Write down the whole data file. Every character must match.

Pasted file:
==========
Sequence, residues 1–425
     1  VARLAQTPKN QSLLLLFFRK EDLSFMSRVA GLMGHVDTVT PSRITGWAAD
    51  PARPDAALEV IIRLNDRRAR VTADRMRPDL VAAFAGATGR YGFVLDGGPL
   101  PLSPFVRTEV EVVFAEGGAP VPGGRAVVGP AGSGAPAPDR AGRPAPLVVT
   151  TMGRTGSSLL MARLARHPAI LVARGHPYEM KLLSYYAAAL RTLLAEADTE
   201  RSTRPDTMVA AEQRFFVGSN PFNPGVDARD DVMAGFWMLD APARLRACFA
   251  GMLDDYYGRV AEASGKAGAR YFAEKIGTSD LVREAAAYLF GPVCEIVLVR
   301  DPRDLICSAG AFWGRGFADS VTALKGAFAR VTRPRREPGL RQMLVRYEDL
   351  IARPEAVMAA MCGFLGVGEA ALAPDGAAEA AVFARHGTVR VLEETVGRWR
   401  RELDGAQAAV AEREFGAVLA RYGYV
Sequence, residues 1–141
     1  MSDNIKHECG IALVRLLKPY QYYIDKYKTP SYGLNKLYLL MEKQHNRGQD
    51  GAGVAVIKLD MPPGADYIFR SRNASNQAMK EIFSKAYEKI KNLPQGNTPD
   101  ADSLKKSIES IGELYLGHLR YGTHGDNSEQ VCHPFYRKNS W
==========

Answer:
Sequence, residues 1–425
     1  VARLAQTPKN QSLLLLFFRK EDLSFMSRVA GLMGHVDTVT PSRITGWAAD
    51  PARPDAALEV IIRLNDRRAR VTADRMRPDL VAAFAGATGR YGFVLDGGPL
   101  PLSPFVRTEV EVVFAEGGAP VPGGRAVVGP AGSGAPAPDR AGRPAPLVVT
   151  TMGRTGSSLL MARLARHPAI LVARGHPYEM KLLSYYAAAL RTLLAEADTE
   201  RSTRPDTMVA AEQRFFVGSN PFNPGVDARD DVMAGFWMLD APARLRACFA
   251  GMLDDYYGRV AEASGKAGAR YFAEKIGTSD LVREAAAYLF GPVCEIVLVR
   301  DPRDLICSAG AFWGRGFADS VTALKGAFAR VTRPRREPGL RQMLVRYEDL
   351  IARPEAVMAA MCGFLGVGEA ALAPDGAAEA AVFARHGTVR VLEETVGRWR
   401  RELDGAQAAV AEREFGAVLA RYGYV
Sequence, residues 1–141
     1  MSDNIKHECG IALVRLLKPY QYYIDKYKTP SYGLNKLYLL MEKQHNRGQD
    51  GAGVAVIKLD MPPGADYIFR SRNASNQAMK EIFSKAYEKI KNLPQGNTPD
   101  ADSLKKSIES IGELYLGHLR YGTHGDNSEQ VCHPFYRKNS W